4.  Family income in early childhood and subsequent Attention-Deficit/Hyperactivity Disorder: A quasi-experimental study 
Background
Studies have found negative associations between socioeconomic position and Attention-Deficit/Hyperactivity Disorder (ADHD), but it is unclear if this association is causal. The aim of this study was to determine the extent to which the association between family income in early childhood and offspring ADHD depends on measured and unmeasured selection factors.
Methods
A total of 811,803individuals born in Sweden between 1992 and 2000 were included in this nationwide population based cohort study. Diagnosis of ADHD was assessed via the Swedish national Patient Register and the Swedish Prescribed Drug Register. Annual family income during offsprings' first five years in life was collected prospectively from the Swedish Integrated Database for Labour Market Research (LISA) and divided into quartiles by (lower) family disposable income. We predicted ADHD from family income while controlling for covariates and also comparing differently exposed cousins and siblings to control for unmeasured familial confounding.
Results
The crude analyses suggested that children exposed to lower income levels were at increased risk for ADHD (HRQuartile1=2.52; 95% CI, 2.42–2.63; HRQuartile2=1.52; 95% CI, 1.45–1.58; HRQuartile3=1.20; 95% CI, 1.14–1.15). This dose-dependent association decreased after adjustment for measured covariates (HRQuartile1=2.09; 95% CI, 2.00–2.19; HRQuartile2=1.36; 95% CI, 1.30–1.42; HRQuartile3=1.13; 95% CI, 1.08–1.18). Although the association was attenuated in cousin comparisons (HRQuartile1=1.61; 95% CI, 1.40–1.84; HRQuartile2=1.28; 95% CI, 1.12–1.45; HRQuartile3=1.14; 95% CI, 1.01–1.28) and sibling comparison models (HRQuartile1=1.37; 95% CI, 1.07–1.75; HRQuartile2=1.37; 95% CI, 1.12–1.68; HRQuartile3=1.23; 95% CI, 1.04–1.45), it remained statistically significant across all levels of decreased disposable family income.
Conclusions
Our results indicated that low family income in early childhood was associated with increased likelihood of ADHD. The link remained even after controlling for unmeasured selection factors, highlighting family income in early childhood as a potential causal risk factor for ADHD.
doi:10.1111/jcpp.12140
PMCID: PMC3962802  PMID: 24111650
ADHD; family income; childhood; causality; quasi-experimental approaches
5.  Sexual offending runs in families: A 37-year nationwide study 
Background: Sexual crime is an important public health concern. The possible causes of sexual aggression, however, remain uncertain.
Methods: We examined familial aggregation and the contribution of genetic and environmental factors to sexual crime by linking longitudinal, nationwide Swedish crime and multigenerational family registers. We included all men convicted of any sexual offence (N = 21 566), specifically rape of an adult (N = 6131) and child molestation (N = 4465), from 1973 to 2009. Sexual crime rates among fathers and brothers of sexual offenders were compared with corresponding rates in fathers and brothers of age-matched population control men without sexual crime convictions. We also modelled the relative influence of genetic and environmental factors to the liability of sexual offending.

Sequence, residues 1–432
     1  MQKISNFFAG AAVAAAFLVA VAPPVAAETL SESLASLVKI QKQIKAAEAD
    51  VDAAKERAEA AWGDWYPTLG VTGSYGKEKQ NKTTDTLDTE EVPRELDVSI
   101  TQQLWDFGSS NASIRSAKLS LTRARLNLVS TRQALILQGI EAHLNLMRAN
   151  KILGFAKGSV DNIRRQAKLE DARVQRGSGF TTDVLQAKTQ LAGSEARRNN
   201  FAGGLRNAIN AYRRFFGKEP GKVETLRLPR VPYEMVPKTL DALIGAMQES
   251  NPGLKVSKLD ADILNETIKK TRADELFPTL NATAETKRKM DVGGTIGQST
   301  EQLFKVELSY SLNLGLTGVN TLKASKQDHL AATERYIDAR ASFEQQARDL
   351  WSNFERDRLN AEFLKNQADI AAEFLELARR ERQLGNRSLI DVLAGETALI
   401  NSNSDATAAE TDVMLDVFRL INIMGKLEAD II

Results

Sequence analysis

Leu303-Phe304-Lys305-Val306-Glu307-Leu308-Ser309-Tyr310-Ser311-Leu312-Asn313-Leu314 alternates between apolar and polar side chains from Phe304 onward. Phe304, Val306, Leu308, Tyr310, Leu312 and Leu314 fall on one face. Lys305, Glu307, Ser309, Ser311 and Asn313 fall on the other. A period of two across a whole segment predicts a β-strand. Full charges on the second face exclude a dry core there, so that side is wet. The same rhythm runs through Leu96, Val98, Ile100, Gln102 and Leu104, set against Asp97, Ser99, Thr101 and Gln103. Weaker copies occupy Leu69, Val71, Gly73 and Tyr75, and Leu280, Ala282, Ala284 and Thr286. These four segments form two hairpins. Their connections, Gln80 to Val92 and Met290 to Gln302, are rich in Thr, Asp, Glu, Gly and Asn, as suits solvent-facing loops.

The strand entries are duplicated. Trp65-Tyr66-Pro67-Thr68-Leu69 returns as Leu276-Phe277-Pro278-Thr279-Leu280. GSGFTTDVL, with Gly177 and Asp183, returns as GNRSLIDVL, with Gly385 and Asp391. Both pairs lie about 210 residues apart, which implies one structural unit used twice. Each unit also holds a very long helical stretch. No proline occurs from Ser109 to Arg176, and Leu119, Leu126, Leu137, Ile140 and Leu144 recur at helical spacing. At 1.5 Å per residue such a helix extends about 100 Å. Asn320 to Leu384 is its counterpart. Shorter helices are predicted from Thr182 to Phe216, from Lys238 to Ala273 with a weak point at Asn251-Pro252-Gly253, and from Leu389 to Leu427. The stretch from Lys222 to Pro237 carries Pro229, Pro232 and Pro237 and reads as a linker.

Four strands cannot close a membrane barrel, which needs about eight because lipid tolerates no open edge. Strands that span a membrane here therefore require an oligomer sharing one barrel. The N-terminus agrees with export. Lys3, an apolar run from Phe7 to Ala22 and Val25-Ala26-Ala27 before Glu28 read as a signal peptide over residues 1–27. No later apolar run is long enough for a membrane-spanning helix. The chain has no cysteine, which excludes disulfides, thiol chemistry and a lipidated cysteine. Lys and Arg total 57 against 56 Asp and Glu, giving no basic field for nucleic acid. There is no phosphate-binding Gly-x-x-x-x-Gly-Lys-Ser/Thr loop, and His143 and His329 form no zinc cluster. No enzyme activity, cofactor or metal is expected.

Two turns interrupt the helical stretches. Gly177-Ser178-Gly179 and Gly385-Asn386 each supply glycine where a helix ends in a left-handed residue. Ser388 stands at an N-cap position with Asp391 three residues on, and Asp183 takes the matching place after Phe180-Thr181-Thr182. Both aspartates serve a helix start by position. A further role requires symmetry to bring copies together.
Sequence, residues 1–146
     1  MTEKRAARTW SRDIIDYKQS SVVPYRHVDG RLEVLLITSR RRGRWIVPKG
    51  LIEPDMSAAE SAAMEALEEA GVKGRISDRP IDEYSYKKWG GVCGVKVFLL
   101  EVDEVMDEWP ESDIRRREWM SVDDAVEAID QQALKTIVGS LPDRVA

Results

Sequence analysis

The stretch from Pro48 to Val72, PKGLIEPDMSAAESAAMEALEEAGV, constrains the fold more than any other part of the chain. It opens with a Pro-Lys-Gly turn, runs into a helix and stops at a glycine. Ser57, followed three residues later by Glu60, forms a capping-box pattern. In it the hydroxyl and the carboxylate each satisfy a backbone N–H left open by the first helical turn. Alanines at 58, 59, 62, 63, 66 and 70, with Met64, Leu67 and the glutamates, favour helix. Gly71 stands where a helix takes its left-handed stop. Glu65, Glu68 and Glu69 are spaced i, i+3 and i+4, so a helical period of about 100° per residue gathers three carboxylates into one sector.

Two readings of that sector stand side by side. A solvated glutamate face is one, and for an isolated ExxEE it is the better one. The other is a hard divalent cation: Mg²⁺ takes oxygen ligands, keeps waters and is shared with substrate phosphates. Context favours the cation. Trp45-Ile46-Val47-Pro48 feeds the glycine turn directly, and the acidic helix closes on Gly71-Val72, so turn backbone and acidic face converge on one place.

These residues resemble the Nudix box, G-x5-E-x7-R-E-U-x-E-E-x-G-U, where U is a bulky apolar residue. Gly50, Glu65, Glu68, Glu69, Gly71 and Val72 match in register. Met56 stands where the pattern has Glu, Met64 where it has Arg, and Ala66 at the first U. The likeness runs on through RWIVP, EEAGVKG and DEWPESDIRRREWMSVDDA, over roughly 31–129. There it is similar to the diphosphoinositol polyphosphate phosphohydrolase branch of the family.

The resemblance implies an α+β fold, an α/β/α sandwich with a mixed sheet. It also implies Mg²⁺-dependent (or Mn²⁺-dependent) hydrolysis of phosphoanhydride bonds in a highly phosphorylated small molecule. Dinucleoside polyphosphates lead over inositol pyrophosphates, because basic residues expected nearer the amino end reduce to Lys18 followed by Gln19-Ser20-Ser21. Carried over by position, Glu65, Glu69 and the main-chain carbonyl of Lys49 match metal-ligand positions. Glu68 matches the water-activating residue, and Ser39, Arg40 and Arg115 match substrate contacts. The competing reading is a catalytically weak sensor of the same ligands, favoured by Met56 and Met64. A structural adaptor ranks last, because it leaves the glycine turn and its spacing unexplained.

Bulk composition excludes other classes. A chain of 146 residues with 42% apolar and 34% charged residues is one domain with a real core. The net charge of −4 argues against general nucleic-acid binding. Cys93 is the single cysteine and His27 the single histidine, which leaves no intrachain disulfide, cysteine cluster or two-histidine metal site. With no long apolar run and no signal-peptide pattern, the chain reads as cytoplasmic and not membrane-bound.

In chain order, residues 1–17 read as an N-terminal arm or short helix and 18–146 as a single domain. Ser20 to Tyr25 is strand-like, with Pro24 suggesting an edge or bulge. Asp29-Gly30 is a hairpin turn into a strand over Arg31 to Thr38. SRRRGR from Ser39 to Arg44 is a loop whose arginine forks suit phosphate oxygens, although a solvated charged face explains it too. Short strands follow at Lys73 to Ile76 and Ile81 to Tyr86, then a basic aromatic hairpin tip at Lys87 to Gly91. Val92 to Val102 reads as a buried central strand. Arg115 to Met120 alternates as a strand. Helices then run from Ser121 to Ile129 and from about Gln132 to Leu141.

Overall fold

Results: We found strong familial aggregation of sexual crime [odds ratio (OR) = 5.1, 95% confidence interval (CI) = 4.5–5.9] among full brothers of convicted sexual offenders. Familial aggregation was lower in father-son dyads (OR = 3.7, 95% CI = 3.2–4.4) among paternal half-brothers (OR = 2.1, 95% CI = 1.5–2.9) and maternal half-brothers (OR = 1.7, 95% CI = 1.2–2.4). Statistical modelling of the strength and patterns of familial aggregation suggested that genetic factors (40%) and non-shared environmental factors (58%) explained the liability to offend sexually more than shared environmental influences (2%). Further, genetic effects tended to be weaker for rape of an adult (19%) than for child molestation (46%).
Conclusions: We report strong evidence of familial clustering of sexual offending, primarily accounted for by genes rather than shared environmental influences. Future research should possibly test the effectiveness of selective prevention efforts for male first-degree relatives of sexually aggressive individuals, and consider familial risk in sexual violence risk assessment.
doi:10.1093/ije/dyv029
PMCID: PMC4469797  PMID: 25855722
Crime; sexual; violence; rape; sexual abuse; family relations
6.  Does Population Density and Neighborhood Deprivation Predict Schizophrenia? A Nationwide Swedish Family-Based Study of 2.4 Million Individuals 
Schizophrenia bulletin  2014;41(2):494-502.